I was going to be a Golden Gloves champion, until I found out that the gloves didn't fit. I mean, they had my size, but -- well, let me explain.
I was 12 when I started boxing. Nothing serious, just weekly workouts and sparring. But I wasn't bad. One day a coach told me I had quick hands, and I spent the rest of the week flicking punches at my younger brother's nose.
"Quick hands," I thought, as I flicked a series of jabs into the air. I watched my shadow. My arm snapped out and back. With each jab, I forced a sound from between my teeth: "Ffft! Ffft!"
For weeks I worked on the bags: Boxing became a blend of body and mind and feeling -- the punch, the Ffft! Ffft!, the sting of contact.
My quickeness confused opponents. Once stung, they became wary. Their eyes grew shifty, their movements jerky. I could sense when an opponent was disoriented, and I learned to fake with one hand and follow through quickly with the other. And always, on my lips or in my mind: Ffft! Ffft!
We used to talk about the Golden Gloves. After a workout, we'd say how we'd like to give it a shot. How tough could it be? I figured I had the best chance -- after all, I had the quick hands.
When I learned we would put on an exhibition for servicemen at Fort Myer, my mind started racing. A good showing might mean the big break, the chance to impress someone who had the Golden Gloves connections. In workouts before the exhibition, I was all speed. My hands moved in blurs. I peppered the bags. And my shadow. And my brother. And I watched myself in the mirror. I lived with the sound: Ffft! Ffft!
At Fort Myer, I looked across the ring to size up my opponent. I was surprised to find that I knew him -- a schoolmate, a kid who had a reputation as tough. But we were sort of friendly at school. At least I thought so until we met at center ring for the ref's instructions. aI smiled.The kid just looked at the floor, and I wondered why someone I knew, someone I saw every day, wouldn't look at me. I also noticed the muscles in his arms. They looked different from mine -- more clearly defined, tighter. I went back to my corner wondering if he was older than I.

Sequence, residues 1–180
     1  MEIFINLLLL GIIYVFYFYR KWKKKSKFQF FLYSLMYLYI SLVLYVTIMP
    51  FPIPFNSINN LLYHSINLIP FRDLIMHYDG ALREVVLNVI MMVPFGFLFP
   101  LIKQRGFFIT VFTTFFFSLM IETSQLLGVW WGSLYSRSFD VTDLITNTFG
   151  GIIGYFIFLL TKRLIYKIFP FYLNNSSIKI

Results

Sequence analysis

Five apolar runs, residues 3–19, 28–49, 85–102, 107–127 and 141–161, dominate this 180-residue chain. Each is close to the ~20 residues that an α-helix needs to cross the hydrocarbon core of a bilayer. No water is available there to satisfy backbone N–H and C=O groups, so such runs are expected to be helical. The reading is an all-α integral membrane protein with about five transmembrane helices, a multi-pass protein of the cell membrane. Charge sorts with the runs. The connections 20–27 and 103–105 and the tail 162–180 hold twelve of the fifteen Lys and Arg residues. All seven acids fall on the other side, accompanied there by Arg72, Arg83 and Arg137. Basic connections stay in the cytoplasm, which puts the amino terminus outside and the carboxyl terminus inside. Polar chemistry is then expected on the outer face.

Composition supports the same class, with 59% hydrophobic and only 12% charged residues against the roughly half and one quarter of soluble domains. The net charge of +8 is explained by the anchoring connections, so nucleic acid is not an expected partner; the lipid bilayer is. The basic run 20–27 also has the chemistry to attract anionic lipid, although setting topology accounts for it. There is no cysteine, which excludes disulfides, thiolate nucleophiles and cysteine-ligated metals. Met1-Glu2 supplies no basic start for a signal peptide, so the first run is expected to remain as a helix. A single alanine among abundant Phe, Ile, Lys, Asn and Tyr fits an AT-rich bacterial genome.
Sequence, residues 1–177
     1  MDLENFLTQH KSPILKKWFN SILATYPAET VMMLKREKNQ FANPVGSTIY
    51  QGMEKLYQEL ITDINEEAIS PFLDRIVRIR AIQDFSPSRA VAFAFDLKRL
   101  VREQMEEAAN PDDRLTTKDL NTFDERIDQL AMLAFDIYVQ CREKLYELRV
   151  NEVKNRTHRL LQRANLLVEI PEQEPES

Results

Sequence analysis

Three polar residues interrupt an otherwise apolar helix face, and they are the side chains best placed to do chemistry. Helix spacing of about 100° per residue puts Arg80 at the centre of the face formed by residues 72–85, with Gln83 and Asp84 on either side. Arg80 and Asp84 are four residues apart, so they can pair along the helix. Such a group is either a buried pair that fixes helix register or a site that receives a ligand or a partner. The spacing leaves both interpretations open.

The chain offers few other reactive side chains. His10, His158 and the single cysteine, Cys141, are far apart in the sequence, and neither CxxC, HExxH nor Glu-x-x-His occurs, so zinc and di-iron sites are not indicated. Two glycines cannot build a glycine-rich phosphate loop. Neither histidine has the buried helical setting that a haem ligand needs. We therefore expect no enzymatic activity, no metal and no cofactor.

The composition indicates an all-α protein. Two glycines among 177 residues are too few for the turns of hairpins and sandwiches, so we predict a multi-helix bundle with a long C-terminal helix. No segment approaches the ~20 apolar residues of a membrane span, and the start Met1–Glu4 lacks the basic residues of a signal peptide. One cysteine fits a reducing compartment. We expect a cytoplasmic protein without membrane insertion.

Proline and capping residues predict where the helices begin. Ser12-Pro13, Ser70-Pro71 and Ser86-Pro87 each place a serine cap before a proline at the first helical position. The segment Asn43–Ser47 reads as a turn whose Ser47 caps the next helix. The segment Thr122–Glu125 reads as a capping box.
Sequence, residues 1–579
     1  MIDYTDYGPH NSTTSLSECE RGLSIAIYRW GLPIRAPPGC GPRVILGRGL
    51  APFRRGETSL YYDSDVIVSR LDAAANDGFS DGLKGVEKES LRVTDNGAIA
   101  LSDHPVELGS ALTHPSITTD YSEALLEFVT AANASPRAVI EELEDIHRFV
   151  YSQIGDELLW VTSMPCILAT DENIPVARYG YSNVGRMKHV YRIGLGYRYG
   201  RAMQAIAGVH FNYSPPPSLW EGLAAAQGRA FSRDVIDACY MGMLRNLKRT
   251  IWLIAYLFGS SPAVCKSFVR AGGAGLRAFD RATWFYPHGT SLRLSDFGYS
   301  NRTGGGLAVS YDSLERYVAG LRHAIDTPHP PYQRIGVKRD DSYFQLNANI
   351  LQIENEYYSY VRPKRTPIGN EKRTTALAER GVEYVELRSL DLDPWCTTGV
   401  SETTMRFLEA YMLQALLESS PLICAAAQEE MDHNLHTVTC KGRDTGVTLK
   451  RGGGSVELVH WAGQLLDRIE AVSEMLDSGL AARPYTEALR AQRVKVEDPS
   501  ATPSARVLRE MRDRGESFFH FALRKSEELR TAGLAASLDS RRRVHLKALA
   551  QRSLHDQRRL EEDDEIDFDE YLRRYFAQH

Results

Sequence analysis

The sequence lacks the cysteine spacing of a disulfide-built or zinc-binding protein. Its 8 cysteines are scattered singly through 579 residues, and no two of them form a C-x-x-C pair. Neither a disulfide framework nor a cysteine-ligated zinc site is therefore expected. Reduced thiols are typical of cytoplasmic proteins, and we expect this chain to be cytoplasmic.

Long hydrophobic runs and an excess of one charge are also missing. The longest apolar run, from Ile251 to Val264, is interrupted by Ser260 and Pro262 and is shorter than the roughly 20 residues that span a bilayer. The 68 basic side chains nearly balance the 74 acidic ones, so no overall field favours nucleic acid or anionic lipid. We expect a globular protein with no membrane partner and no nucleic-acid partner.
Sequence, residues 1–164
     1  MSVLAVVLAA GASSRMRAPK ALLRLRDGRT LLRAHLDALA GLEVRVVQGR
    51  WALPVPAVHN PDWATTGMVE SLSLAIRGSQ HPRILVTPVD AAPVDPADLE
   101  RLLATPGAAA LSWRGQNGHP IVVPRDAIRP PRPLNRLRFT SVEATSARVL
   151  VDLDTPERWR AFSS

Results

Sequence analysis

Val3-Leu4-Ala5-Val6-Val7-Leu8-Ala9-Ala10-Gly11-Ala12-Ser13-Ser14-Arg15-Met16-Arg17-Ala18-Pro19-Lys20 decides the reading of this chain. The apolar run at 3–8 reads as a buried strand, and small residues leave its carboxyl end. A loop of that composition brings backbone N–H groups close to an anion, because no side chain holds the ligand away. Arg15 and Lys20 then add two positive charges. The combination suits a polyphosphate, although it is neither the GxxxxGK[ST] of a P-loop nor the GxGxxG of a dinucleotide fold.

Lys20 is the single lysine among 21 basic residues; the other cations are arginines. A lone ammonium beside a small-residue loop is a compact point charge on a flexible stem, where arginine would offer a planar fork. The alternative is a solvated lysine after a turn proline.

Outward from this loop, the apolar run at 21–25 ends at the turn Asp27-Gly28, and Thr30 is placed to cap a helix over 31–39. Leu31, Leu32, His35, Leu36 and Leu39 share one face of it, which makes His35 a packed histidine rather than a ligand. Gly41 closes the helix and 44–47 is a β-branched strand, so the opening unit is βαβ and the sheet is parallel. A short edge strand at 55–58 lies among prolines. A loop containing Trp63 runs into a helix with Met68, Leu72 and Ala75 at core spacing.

At the end of the first round, I hadn't landed one good punch. My quick hands were sluggish, as though I were punching under water.Even the Ffft! Ffft! was gone. But he hadn't hit me either.
I tagged him a couple of crisp jabs on the nose. Ffft! Ffft! But the next time I went to jab, he hooked me with his left. I saw the punch coming but I couldn't move fast enough. My head snapped back and I smelled blood. I never saw the follow up-punch that stung my forehead. I was scared, a little panicked. Where would the next punch come from? My lips felt fat.
I escaped further punishment in that round by covering and clinching. No more Ffft! Ffft! And no more punching.
"Did he hurt you?" my coach asked between rounds.
"Yeah, a little," I said.
"Nah, not a bit," coach said. "Fire your jab."
In the final round I landed a jab or two, solid and quick. I pushed the Ffft! Ffft! out of my mind -- it suddenly seemed silly, a distraction. I hit him with a combination, but he showed no sign of panic or disorentation. He didn't seem to feel the punches until I landed a quick flurry. The last one was a hard, snapping right. My glove fist crunched firmly against his jaw. His head twisted towards his right shoulder. Then it popped back toward me. I saw his face, blank, confused and hurt. And, like mine, young.
Funny how an instant can seem like an hour. His gloves were down and his eyes were confused. Someone yelled, "Hit him again." Instead, I stepped back. Suddenly his eyes focused. From nowhere, his left found my jaw -- twice. Each time blood rocked inside my head. He was all over me and I gasped at the force of his punches. The soldiers were cheering.
They didn't say who won the fight.I left the ring figuring it was probably a draw.
In the locker room, I noticed my opponent's face was splotchy. He looked at my slightly puffed lips and said with a smile, "Almost got some blood there."
"I had two good lefts late in the last round. "
"Un-huh," I said.
"See you at school," he said.
Beneath his cocky exterior he had to be hiding something. I wanted to say, "Hey, I hurt you too, didn't I?" But if he had answered no, I would have felt bad. And if he had answered yes, I might have felt worse.
So that's how I knew that, for my quick hands, the Golden Gloves wouldn't fit.